First published on Imps in the Archive on 8 October 2019.
How to save cultural heritage from earthquakes, floods, war and other disasters was the topic for the sixth Andrew Carnegie lecture at the University of Glasgow
Dr Richard Kurin from the Smithsonian Institution in Washington spoke about the development and the work of the Smithsonian Cultural Rescue Initiative.
The Smithsonian was established with a bequest from a British citizen – James Smithson – tasked to be an establishment for the ‘increase and diffusion of knowledge’. It now has 19 museums and a zoo and carries out research, educational activities and holds public events related to global history, culture and science. It also has a partnership with the University of Glasgow.
It’s role in cultural preservation in times of crisis can be traced back to the Monuments Men (and women) whose mission was to save the cultural treasure of Europe in danger of destruction during the Second World War. They later worked on tracing works stolen and looted by the Nazis and returning them to their rightful owners.
Two more recent events highlighted again the need for this type of intervention. Principally, the US-led invasion of Iraq in 2003 which was criticised for failing to prevent looting and destruction at the National Museum in Baghdad and the cultural damage sustained as a result of the failure of US government responses to Hurricane Katrina in 2004.
These prompted reflections on ‘how can we do better?’
Which meant that when an earthquake ravaged Haiti in 2010, killing 300,000 people and destroying thousands of buildings, the Smithsonian was better placed to respond effectively.
Dr Kurin showed striking images of the destruction, including the loss of hugely significant items such as 14 murals in the Episcopalian Cathedral which depicted Christianity from an Afro-Haitian perspective.
The happenstance of personal connections between The Smithsonian, US First Lady Michelle Obama and Haitian First Lady Elizabeth Preval focused support for the idea of a mission to Haiti. Then the discovery of an official order by Jackie Kennedy to preserve a building gave the American First Lady precedence to order an intervention.
Funding and resources were rapidly marshalled from public and private sources and work began. Dr Kurin highlighted that the Smithsonian employees who went to Haiti hired local managers to help run the recovery mission. They secured resources like generators and shipping containers to help store rescued items, set up a registration system – eventually logging 35,000 items – and trained Haitians in conservation techniques.
Another strand of the mission was to provide Haitian artists with materials so that they could start to produce new artworks that provided ways for people to understand or process their experiences. They also supported children to create their own artistic responses, which were later exhibited at The Smithsonian, as part of the process of healing.
He said that in the first few days following the earthquake “Haitians sang and prayed. That’s what they had. That’s when you need it [cultural heritage] the most; it gives you strength and a sense of who you are.”
Since then their experience has been put to good use in other crises as diverse as helping to save ancient manuscripts in Mali and protect small gallery collections in New York after Hurricane Sandy.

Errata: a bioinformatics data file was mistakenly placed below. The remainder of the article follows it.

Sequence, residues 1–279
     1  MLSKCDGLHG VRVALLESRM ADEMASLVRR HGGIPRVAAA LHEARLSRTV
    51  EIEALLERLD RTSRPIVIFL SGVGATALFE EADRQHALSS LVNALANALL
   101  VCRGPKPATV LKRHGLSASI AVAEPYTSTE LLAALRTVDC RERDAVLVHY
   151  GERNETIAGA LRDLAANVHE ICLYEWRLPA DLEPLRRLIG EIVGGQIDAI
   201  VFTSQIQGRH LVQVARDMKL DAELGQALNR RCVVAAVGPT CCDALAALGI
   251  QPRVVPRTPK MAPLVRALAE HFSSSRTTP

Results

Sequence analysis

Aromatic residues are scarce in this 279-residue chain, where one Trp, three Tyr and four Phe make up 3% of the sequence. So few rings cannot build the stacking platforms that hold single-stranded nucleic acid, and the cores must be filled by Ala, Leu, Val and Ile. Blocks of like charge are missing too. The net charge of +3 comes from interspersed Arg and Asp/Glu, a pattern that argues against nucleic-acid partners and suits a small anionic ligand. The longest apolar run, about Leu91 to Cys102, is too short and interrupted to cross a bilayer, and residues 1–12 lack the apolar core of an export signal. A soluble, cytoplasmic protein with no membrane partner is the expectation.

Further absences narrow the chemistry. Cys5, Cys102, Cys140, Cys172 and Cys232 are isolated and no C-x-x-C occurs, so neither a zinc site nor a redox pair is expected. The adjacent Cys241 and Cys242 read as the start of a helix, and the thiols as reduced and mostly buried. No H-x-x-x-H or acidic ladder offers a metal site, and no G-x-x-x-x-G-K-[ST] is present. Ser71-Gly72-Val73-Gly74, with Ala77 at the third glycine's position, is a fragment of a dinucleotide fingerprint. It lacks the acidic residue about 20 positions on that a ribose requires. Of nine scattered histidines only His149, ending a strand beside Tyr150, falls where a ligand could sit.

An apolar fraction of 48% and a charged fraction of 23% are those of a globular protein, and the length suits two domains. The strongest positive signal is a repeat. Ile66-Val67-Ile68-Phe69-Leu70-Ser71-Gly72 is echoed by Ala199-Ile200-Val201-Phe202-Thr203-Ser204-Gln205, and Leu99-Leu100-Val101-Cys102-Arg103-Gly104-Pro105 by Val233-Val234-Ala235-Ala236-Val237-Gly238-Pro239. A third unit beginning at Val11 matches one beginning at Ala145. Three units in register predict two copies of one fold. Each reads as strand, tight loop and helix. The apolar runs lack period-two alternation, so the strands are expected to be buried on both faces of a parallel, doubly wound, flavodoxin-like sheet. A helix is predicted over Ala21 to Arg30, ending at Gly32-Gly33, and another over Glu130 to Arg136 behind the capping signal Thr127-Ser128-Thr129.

What they have learned about emergency responses is in this slide:
Its not simply what you do, but also identifying and finding who and what you need to implement the process. For example, following the Nepal earthquake, a 93-year-old retired Smithsonian employee, who had spent 40 years documenting, appraising and researching Nepali woodcarving was vital to the restoration process.
Since then other projects have included:
- Working with refugees from Syria – some of whom took shelter near heritage sites in an effort to gain some safety but who did not necessarily understand the heritage as the site – so they could learn more about what it was and how to care for it.
- Supporting research to analyse the ‘official’ looting systems and networks set up by ISIS, to get greater understanding about how items are located, looted or destroyed. Described by Dr Kurin as the “choreography of destruction”.
- Taking the message of preservation of cultural heritage to world leaders and influencers, by giving attendees at Davos economic summit 3D prints of a statue from Palmyra – one of the sites destroyed by ISIS.
- Getting money for fuel to the National Gallery of Puerto Rico after the Hurricane Maria blackout, so it could maintain environmental controls to save artefacts from mould and damp, and also host objects from other threatened collections.
- Producing leaflets for combatants in the Syrian conflict with photos of historic sites and buildings in Mosul and Raqqa, written in English, Arabic and local languages and designed to slip easily into a camouflage jacket pocket, in an effort to help them avoid damaging precious artefacts.
It was particularly interesting to see hear about a project after severe flooding in Texas in 2017, where Smithsonian curators worked with FEMA (the Federal Emergency Management Agency) to offer preservation advice to anyone who wanted to save personal treasures – such as photographs or family bibles – that were damaged by the floodwaters.
The aim of these projects is to not only preserve items because they are of cultural or historic value but also because wide-ranging perseveration encourages respect for different people and a variety of cultures.
It’s important, said Dr Kurin, because cultural heritage “gives power to people over who they are and who they want to be.”